Jansjo Gooseneck LED Table Lamps provide a cost-effective lighting option

• TIP 1: Download the Camera FV 5 app for android smartphones

• TIP 2:The success of controlling any light is in diffusing the light source so that there are soft shadows, and so that light doesn't burn out the highlights. While there was an option to use natural daylight in this shot, mixing daylight with artificial lights can cause trouble with colour casts.

• TIP 3: Never mix your light sources.

• TIP 4: Switch off the camera’s flash and never use it for jewellery photography. Also, set the image resolution to the maximum quality.

Camera support

ss200 on ts216 elevated platform
ss200 on ts216 elevated platform

To support the phone during the shot, a Modahaus Steady Stand SS200 was employed.

This is effectively an overhead tripod for all smartphones and compact cameras with built-in light-diffusing side panels.

By creating an elevated platform beneath the item being photographed, jewellery can be brought even closer to the camera. The overhead viewpoint is often ideal for shooting jewellery; it makes it very easy to control light and shadows and eliminates the need to prop up pieces.

Keeping the camera completely still is essential when shooting product photography. The slightest movement will lose sharp focus.

• TIP: Set the camera’s self-timer (2 seconds is fine) to avoid movement when releasing the shutter.

 

iPhone 4S – earrings

Equipment: iPhone 4S; Camera+ App; Modahaus Steady Stand SS200 with elevated platform
Equipment: iPhone 4S; Camera+ App; Modahaus Steady Stand SS200 with elevated platform

The earrings were photographed with an iPhone 4S. While jewellery experts will notice these are not real diamonds, what the shot demonstrates is that the camera can achieve edge-to-edge sharpness by keeping the subject on an even plane.

Unlike the Samsung SIII, the iPhone’s native camera has very basic functions.

Retailers should download the Camera+ App from the iTunes Store. Camera+ has a simple interface that allows users to set and lock white balance, focus and exposure all independent of each other. These are really useful functions for product photography.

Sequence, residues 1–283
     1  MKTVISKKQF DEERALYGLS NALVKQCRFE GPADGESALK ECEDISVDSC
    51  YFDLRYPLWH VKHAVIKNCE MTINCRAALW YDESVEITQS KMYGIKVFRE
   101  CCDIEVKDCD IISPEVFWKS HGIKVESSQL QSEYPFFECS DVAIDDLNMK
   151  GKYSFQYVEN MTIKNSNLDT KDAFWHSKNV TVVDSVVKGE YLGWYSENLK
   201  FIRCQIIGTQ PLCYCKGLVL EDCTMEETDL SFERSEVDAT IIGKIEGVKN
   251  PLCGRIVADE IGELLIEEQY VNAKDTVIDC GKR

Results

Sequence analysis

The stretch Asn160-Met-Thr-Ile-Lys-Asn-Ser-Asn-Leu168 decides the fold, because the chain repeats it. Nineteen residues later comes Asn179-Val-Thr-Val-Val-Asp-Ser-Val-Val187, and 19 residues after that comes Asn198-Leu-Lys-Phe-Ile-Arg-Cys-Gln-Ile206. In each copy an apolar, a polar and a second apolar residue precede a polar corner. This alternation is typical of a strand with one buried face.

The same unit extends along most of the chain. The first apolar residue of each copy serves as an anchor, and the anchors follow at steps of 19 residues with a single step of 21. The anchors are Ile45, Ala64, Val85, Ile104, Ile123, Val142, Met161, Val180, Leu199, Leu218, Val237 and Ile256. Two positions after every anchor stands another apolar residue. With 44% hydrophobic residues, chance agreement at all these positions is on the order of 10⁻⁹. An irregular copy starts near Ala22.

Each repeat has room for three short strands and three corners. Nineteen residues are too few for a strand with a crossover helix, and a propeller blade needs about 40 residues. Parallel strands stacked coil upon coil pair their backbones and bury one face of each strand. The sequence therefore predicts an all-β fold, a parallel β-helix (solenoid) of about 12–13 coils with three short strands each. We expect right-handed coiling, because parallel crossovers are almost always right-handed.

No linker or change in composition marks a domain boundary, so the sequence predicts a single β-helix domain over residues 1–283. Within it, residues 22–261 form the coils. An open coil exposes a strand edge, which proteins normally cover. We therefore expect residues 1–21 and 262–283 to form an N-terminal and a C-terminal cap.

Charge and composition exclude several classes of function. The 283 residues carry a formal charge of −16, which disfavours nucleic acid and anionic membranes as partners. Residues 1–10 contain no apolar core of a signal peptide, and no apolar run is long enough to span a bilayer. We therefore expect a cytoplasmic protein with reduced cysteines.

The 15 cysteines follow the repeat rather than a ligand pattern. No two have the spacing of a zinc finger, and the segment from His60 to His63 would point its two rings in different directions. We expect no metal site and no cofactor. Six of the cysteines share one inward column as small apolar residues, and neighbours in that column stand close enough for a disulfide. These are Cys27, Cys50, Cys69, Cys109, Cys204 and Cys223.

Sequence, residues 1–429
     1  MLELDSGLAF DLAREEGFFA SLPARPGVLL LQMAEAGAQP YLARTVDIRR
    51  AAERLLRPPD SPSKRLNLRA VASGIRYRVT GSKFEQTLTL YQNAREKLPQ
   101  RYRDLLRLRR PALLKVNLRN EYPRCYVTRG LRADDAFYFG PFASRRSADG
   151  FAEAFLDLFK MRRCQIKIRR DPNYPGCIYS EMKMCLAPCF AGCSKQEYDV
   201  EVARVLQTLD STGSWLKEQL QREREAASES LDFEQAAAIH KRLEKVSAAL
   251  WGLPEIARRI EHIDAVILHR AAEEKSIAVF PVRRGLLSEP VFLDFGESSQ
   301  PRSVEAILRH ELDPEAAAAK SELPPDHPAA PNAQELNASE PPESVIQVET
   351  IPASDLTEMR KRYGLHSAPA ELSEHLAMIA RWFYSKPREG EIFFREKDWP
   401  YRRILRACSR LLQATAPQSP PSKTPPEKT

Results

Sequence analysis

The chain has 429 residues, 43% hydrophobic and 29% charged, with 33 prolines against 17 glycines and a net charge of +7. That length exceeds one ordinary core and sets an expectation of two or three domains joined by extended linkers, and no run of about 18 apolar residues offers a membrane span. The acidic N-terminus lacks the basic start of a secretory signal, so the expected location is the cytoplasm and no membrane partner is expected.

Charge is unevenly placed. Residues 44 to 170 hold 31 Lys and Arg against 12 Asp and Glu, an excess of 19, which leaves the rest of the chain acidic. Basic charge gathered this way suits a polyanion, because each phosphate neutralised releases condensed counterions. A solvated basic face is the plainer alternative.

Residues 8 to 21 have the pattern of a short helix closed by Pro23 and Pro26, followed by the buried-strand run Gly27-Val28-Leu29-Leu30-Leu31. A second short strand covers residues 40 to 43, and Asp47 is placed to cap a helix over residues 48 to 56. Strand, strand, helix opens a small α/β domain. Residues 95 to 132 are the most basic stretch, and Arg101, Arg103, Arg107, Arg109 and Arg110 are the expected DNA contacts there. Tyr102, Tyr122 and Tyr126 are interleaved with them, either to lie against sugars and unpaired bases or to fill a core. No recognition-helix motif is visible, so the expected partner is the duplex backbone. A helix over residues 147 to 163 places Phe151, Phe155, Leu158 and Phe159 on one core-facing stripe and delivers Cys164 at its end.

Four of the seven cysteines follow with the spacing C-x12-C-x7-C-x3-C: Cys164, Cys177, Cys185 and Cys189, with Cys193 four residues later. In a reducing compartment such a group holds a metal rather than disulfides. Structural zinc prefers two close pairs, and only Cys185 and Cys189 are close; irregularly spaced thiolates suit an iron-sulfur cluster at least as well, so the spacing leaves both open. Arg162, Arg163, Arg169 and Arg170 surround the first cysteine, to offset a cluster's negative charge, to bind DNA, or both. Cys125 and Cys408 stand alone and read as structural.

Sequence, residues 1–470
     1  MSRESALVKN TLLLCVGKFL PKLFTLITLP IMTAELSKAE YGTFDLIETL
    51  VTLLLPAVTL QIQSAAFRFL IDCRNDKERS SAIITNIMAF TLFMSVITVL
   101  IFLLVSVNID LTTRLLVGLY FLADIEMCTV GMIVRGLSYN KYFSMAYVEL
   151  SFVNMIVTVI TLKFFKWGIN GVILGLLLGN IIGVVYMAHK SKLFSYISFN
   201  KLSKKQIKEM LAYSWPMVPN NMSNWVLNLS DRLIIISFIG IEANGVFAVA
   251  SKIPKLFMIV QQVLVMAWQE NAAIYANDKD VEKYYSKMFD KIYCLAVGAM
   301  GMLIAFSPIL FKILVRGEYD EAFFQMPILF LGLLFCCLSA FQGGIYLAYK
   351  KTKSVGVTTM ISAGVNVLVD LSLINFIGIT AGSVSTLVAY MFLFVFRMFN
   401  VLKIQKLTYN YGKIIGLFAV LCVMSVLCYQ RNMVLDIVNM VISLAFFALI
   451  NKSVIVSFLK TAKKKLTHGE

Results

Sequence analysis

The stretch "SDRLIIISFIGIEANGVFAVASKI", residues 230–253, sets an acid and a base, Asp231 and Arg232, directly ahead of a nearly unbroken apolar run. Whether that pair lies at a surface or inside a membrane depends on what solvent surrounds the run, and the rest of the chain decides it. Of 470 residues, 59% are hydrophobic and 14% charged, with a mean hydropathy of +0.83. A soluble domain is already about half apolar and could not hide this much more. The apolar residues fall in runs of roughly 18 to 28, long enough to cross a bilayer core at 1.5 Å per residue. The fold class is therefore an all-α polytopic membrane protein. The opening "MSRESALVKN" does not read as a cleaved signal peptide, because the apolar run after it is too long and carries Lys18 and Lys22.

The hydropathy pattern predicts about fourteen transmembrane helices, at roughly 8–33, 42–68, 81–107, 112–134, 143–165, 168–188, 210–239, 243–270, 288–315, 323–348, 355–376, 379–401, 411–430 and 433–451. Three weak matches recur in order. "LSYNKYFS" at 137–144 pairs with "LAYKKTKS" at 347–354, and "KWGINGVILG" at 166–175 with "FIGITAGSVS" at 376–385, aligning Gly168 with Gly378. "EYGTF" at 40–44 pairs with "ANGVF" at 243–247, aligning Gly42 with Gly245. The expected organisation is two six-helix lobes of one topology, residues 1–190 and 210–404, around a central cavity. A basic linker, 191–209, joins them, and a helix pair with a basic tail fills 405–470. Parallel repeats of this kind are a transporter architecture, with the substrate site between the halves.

• TIP: Download Camera+ App from the iTunes Store

 

iPhone 4S – bangles with accent halo

Equipment: iPhone 4S; Modahaus TS216 tabletop studio Pro; Manfrotto pocket tripod Glif iPhone mount Jansjo light
Equipment: iPhone 4S; Modahaus TS216 tabletop studio Pro; Manfrotto pocket tripod Glif iPhone mount Jansjo light

The bangles on were shot on the level using the Modahaus TS216 tabletop studio with the translucent, coloured backdrops (blue on top of red, on top of white). The Glif iPhone mount on top of a Manfrotto pocket tripod supports the iPhone 4S. This allows the photographer to get down low with the subject, which gives a better perspective for this shot.

Creating the accent halo on the background is just a matter of placing one of the Jansjo lights at the rear. These lights have a really sharp, concentrated beam at close quarters, which softens nicely the further away it is placed.

The translucence of the coloured backdrops makes this a simple technique – to achieve this with traditional photography methods requires a lot of space, expertise and equipment.

TIP: Use LED lights at rear to create accent halo

 

And the winner is …

Taken with an iPhone 4S
Taken with an iPhone 4S

The Samsung is the better option than the iPhone for jewellery photography. That is, having just purchased the Samsung SIII, as well as owning the iPhone 4, 4S and 5, the Samsung narrowly beats the opposition, with the iPhone 5 just head of the 4S.

The Galaxy SIII native camera has one killer function that makes a big difference for product photography. Users can manually set the ISO sensitivity to the lowest level – 100 ISO. This can prevent the camera raising the ISO in low light conditions, which causes grainy images.











ABOUT THE AUTHOR
Lex McColl

Contributor • Founder of Modahaus


Lex operates the UK-based Modahaus online photography accessories store. Modahaus develops and sells tabletop photo studios for use with all types of cameras. Visit: modahaus.com

Jesse-Leigh Elford Photography